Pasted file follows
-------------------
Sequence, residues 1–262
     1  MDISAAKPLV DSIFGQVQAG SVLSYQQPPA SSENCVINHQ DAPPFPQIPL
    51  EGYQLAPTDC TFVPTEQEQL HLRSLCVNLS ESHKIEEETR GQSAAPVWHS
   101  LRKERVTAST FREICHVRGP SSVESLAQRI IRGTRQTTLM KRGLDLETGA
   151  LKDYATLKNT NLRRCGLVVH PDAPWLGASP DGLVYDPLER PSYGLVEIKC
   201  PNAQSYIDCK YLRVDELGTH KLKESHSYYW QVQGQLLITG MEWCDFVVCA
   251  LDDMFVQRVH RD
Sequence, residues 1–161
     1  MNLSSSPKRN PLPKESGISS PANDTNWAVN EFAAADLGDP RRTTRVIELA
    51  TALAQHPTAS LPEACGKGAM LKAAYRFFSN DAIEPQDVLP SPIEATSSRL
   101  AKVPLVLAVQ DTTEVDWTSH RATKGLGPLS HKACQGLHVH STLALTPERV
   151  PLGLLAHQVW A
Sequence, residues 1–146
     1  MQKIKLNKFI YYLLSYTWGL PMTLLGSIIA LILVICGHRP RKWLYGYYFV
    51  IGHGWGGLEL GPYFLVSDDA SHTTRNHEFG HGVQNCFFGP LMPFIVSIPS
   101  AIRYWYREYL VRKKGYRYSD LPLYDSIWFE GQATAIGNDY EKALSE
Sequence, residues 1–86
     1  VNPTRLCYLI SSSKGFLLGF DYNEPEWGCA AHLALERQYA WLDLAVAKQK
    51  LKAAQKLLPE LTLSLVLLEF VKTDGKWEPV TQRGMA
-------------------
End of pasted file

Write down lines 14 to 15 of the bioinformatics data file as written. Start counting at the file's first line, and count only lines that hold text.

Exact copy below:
     1  MQKIKLNKFI YYLLSYTWGL PMTLLGSIIA LILVICGHRP RKWLYGYYFV
    51  IGHGWGGLEL GPYFLVSDDA SHTTRNHEFG HGVQNCFFGP LMPFIVSIPS